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Economic growth and the global economy at Bali PDF Print E-mail
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by Jan Lundberg   
08 December 2007

Culture Change Letter #175

Dec. 7, 2007 email to: This e-mail address is being protected from spam bots, you need JavaScript enabled to view it and Global Warming Crisis Council list
From: Jan Lundberg

To: Achim Steiner
UN Under-Secretary General and Executive Director of UNEP
United Nations Environment Programme
United Nations Avenue, Gigiri
PO Box 30552, 00100
Nairobi, Kenya

Re energy limits and pollution: ending growth and globalization

Dear Mr. Steiner,

Let me offer you praise as well as a criticism while you represent Mother Earth in Bali for the UN. Your statement (in the ENN article dated Dec. 6, "Silver Lining to Climate Change - Green Jobs"): "Without a strong and decisive emission reductions regime, the transformational foundations being laid today could prove to be built on sand tomorrow. We need to change the subsidies, tax structures, and accounting methods that permit the "externalization" of severe environmental impacts so they are factored into the costs of doing business on this planet" is excellent.

However, when you say, "...the transition to a global economy that is not only resource efficient and without the huge emissions of greenhouse gases, but one that also restores environmental and social values," you undermine your other statement. This global economy is possible only through world trade predicated upon affordable, abundant petroleum fuels that are dwindling and subject to supply cut-off and market pandemonium. Also, the idea of a healthy local ecosystem populated by consumers needing goods from distant lands is a complete contradiction, and it goes against everything one should value for socially just production conditions. The refusal of hapless consumers to participate in their local communities for sustainable economic health is mainly a result of transnational corporations' hold on governments and academia. 

The world has peaked in oil extraction, so if you understand the implications of no more of the growth that petroleum has permitted (population growth and urban sprawl), then you see that the days of expansionist growth and the global corporate economy itself are numbered. There will be no substitution of renewable energies for petroleum on a comparable scale, even if they were maximized to be in place already. On the bright side, there may be not a single "global economy" very soon; rather, local economies -- plural, with local, decentralized energy resources. Bioregional political entities will become responsible for their own survival, and sovereign, and this will start to restore cultural diversity.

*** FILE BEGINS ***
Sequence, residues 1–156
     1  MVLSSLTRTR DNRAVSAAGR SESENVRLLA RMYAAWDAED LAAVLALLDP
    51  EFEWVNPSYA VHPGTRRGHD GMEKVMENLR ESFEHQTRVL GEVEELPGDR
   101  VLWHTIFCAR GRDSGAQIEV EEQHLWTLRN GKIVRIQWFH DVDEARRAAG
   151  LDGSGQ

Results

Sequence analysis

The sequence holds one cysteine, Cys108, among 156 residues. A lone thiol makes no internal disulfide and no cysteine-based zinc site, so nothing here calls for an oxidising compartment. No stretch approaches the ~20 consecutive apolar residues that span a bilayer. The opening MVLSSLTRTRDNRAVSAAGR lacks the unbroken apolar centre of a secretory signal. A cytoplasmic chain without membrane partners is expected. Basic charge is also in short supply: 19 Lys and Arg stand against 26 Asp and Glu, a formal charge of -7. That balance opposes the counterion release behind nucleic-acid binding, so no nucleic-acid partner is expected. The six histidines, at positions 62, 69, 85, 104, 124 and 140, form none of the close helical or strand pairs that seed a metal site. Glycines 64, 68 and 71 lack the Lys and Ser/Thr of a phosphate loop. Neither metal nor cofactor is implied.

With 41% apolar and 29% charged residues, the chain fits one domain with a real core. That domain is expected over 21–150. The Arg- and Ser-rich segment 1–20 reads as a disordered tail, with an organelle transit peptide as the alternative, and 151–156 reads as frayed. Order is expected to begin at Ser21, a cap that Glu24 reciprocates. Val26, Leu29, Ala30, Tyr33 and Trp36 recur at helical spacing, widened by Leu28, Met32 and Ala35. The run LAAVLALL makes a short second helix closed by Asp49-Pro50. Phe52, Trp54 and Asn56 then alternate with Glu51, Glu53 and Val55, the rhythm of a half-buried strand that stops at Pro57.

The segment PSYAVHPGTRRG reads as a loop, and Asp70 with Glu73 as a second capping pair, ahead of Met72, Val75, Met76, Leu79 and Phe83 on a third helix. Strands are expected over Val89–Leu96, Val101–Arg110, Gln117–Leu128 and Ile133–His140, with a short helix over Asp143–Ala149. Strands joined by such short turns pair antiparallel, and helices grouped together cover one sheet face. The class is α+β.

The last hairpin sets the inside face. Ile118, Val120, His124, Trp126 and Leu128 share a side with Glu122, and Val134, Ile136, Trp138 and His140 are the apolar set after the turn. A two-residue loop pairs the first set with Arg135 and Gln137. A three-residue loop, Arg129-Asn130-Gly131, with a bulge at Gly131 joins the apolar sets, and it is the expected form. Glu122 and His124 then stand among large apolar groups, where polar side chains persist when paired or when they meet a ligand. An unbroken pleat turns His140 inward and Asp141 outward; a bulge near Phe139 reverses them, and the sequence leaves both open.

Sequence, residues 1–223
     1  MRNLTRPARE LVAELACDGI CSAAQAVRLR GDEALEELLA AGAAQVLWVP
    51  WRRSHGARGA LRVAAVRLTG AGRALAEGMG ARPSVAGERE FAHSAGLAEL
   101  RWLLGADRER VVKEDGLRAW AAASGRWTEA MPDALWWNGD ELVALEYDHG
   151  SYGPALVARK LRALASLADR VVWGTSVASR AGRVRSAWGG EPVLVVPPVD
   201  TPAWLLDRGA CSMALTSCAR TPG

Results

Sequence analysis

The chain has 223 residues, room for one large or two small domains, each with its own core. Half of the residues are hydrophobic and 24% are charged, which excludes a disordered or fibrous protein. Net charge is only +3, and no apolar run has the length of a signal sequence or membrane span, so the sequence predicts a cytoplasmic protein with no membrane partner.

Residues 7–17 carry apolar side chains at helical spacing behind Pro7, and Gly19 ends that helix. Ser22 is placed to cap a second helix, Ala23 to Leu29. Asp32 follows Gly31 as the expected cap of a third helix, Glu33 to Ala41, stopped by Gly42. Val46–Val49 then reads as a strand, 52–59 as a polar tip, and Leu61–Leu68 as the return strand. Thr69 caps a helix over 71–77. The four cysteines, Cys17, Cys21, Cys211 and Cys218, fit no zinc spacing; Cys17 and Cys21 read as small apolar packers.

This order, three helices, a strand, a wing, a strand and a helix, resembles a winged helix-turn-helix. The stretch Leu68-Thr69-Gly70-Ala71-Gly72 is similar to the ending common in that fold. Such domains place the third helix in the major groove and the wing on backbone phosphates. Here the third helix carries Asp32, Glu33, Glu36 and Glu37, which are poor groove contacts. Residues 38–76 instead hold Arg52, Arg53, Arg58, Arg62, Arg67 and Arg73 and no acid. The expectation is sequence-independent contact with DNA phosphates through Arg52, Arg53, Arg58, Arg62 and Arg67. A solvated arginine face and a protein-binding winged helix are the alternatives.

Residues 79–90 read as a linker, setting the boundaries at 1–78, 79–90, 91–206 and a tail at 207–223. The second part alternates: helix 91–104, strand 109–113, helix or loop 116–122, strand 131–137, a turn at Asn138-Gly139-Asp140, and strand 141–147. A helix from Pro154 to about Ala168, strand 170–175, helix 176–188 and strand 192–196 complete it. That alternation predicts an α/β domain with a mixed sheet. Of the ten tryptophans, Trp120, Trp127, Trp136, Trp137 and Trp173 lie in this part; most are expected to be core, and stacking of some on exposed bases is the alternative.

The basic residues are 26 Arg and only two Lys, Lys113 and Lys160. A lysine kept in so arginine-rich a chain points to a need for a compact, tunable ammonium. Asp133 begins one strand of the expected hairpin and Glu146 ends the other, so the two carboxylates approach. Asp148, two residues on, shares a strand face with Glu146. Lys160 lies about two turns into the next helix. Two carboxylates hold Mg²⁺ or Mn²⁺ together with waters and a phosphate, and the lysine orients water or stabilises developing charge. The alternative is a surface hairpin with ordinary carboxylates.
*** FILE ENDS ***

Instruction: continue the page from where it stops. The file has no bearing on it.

When the International Labour Organisation's Peter Poschen refers to "sustainable economic growth and help lift people out of poverty", his rhetoric flies in the face of the law of ecological carrying capacity; growth cannot keep going forever. Growth has already assured the destruction of the climate as-we-know-it, don't you agree? Additionally, the idea of lifting people out of poverty may be code language for selling them entropy boxes such as plastic electric kitchen appliances, cars, computers, TVs, cell phones, and such, that serve to isolate people within families and isolate families from other families. "Impoverished" traditional populations often have closer family structure and cohesion, and more time for being together, telling stories, and educating the young via intergenerational housing. More money, more building and more people add to the unraveling of the social fabric. 

In conclusion, petrocollapse is going to even the scales a bit so that First World consumers will learn about local production and relearn the importance of community. I would greatly appreciate hearing your thoughts on my points. I would like to know if localization is a priority when growth and corporate globalization have shown themselves to be yesterday's mistakes. This concept should be consistent with your policy goals of slashing greenhouse gas emissions via yanking the externalizing of costs and other subsidies that help fry our planet. If I may be of further assistance, please contact me.


Jan C. Lundberg
Oil industry analyst
Founder and Publisher,
Culture Change (formerly Sustainable Energy Institute)
past participant NGO in climate meetings
San Francisco, California, USA
Tel. and fax 1-215-243-3144
email jan "at"

and syndicated:

* * * * *

"Peak Oil naysayers partying on for growth" by Jan Lundberg, Culture Change Letter #142:

"Ancient innovations for present conventions toward extinction" by Jan Lundberg, Culture Change Letter #161 - June 10, 2007:

"Can ecological economists stop the mainstreamers before it's too late?" by John Feeney:

"Overextension: our American way of life is not sustainable" by Chris Clugston:

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